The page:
Loving my neighbor – first

Then, to love one’s neighbor as oneself. (Rule of Benedict 4.2)

HOMELESS (2014) ...item 3.. Local Organization...

HOMELESS (2014) Homeless Point-In-Time Count (Photo credit: marsmet521)

One speaker skimmed past”love your neighbor,” dwelling on “loving yourself better.” Another said love of self took priority over love of others.

I hoped they were wrong.

Charles Spurgeon broke listeners’ hearts with descriptions of needy people turned aside for practical reasons, or hurt by meager assistance bundled with painful disapproval.  Christians’ love flows more freely after compunction opens their hearts.

“Follow my Rule and God’s commands,” St Benedict says, “and your hearts will expand with the inexpressible delight of love.” Perhaps he knew that when we pour out concern and compassion on others, our hearts can hold more love.


Tooling Through Lent is a series of brief reflections on Chapter 4 of the Rule of BenedictThe Tools for Good Works.

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About Sister Edith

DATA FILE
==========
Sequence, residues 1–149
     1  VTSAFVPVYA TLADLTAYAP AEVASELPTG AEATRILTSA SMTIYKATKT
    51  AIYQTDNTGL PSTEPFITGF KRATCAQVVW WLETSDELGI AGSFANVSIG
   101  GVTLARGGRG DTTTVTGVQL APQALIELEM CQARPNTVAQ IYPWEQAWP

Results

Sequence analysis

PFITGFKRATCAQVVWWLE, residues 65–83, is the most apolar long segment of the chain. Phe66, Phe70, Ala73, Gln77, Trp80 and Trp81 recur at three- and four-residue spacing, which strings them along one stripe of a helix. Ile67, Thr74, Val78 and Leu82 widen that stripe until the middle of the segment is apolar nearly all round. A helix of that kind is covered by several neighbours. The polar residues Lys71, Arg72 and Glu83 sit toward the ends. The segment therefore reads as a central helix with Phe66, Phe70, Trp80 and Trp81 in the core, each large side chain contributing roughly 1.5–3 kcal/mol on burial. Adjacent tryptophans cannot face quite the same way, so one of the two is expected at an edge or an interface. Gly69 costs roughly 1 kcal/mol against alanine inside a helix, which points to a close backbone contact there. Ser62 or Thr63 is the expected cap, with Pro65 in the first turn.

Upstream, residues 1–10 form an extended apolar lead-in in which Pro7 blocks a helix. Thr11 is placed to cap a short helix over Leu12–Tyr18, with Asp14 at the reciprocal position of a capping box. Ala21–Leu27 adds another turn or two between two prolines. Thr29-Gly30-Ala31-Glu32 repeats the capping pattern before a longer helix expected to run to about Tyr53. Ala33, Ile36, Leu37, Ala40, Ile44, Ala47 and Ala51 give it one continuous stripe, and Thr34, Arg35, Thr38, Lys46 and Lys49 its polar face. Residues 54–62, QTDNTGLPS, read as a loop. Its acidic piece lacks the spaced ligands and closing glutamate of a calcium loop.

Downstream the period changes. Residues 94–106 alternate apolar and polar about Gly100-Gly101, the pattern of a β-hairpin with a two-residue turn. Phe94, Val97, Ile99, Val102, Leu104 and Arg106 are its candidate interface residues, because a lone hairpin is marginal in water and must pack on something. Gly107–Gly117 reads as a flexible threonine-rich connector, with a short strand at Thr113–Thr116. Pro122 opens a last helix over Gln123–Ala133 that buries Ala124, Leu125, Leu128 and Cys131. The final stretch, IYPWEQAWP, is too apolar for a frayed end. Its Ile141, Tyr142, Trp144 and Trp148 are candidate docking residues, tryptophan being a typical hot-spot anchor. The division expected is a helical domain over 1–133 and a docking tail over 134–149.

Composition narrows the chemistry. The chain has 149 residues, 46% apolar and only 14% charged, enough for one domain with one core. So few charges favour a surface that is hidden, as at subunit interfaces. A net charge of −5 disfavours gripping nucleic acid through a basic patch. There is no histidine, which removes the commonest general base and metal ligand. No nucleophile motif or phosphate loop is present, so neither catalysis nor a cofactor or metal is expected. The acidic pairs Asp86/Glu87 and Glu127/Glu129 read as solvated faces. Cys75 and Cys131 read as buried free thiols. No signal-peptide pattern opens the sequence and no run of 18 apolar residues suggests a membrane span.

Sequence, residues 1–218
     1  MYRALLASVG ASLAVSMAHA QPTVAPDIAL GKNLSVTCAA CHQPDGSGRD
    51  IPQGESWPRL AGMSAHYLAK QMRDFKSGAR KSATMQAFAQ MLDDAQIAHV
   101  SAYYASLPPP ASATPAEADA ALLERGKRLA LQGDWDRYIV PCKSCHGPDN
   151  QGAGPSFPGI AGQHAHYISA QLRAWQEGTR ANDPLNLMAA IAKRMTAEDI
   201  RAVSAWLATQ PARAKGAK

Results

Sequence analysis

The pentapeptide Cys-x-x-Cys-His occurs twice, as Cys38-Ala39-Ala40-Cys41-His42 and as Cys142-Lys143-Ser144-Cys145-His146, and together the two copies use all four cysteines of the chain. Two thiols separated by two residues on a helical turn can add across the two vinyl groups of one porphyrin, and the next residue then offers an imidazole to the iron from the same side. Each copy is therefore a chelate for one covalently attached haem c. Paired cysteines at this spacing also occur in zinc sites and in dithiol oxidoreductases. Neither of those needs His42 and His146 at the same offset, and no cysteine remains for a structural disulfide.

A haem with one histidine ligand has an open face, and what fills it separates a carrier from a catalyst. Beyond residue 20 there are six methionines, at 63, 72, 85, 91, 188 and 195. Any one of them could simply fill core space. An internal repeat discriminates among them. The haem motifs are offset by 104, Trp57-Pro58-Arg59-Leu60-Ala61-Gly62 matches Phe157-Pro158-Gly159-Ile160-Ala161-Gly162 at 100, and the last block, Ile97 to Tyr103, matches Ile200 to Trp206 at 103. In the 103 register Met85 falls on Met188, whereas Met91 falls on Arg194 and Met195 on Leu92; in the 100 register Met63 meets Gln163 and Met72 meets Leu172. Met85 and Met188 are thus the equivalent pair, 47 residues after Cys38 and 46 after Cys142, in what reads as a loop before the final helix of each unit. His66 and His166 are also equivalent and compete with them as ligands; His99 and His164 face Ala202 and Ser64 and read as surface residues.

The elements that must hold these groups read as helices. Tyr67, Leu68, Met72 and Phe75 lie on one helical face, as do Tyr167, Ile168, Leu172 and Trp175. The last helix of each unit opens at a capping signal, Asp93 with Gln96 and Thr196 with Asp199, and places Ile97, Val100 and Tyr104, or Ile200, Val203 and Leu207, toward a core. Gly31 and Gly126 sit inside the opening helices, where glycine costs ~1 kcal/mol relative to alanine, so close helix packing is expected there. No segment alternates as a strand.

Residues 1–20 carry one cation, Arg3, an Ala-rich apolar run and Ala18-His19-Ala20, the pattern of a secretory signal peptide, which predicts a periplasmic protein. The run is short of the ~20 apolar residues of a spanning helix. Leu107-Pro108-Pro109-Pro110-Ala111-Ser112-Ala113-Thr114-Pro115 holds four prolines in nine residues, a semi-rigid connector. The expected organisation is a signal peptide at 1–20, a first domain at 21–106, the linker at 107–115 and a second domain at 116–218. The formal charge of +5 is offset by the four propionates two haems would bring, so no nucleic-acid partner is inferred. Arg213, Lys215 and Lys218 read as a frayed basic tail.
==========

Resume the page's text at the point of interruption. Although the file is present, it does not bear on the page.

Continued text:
Benedictine sister of St. Scholastica Monastery, Duluth, Minnesota
This entry was posted in Benedictine, Lent and tagged , , , , , . Bookmark the permalink.

One Response to Loving my neighbor – first

  1. Michael Snow says:

    “. . . A prime example of this worldly confusion concerns
    self-love. We have been told that this is a command rather
    than a condition. The Zeitgeist blew notions of this our way
    from the lips of popular psychologists and legions of their
    disciples.2 Suddenly, many Christians saw something in
    Scripture that no previous generation had seen. (Perhaps
    those saints who preceded us did not have enough sand in
    their eyes.) Soon, preachers in the pulpit and on the radio
    extolled the virtues of self-love. In fact, many said that Christ
    commanded it: “You shall love your neighbor as yourself.”
    But if we love God with all our heart, this supposition
    that there is a commandment to love ourselves will not ring
    true. And we find no such interpretation in standard commentaries.
    Only one command stands here: Love your
    22
    Love, Prayer and Forgiveness
    neighbor. How? “. . . equally with oneself.”3
    This command recognizes that we live to our own selfinterest.
    As Pascal noted, “The nature of self-love and of this
    human Ego is to love self only and consider self only.”4
    –from book reviewed here: http://zmcarter.wordpress.com/2014/01/17/book-review-love-prayer-and-forgiveness-when-basics-become-heresies/

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